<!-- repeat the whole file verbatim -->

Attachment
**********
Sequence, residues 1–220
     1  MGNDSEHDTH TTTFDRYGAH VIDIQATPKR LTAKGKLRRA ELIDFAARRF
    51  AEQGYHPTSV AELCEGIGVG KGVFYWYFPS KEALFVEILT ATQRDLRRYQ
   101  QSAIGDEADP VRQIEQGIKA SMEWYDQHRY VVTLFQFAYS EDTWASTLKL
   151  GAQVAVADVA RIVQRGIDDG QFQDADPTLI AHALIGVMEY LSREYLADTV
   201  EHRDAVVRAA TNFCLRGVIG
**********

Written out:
Sequence, residues 1–220
     1  MGNDSEHDTH TTTFDRYGAH VIDIQATPKR LTAKGKLRRA ELIDFAARRF
    51  AEQGYHPTSV AELCEGIGVG KGVFYWYFPS KEALFVEILT ATQRDLRRYQ
   101  QSAIGDEADP VRQIEQGIKA SMEWYDQHRY VVTLFQFAYS EDTWASTLKL
   151  GAQVAVADVA RIVQRGIDDG QFQDADPTLI AHALIGVMEY LSREYLADTV
   201  EHRDAVVRAA TNFCLRGVIG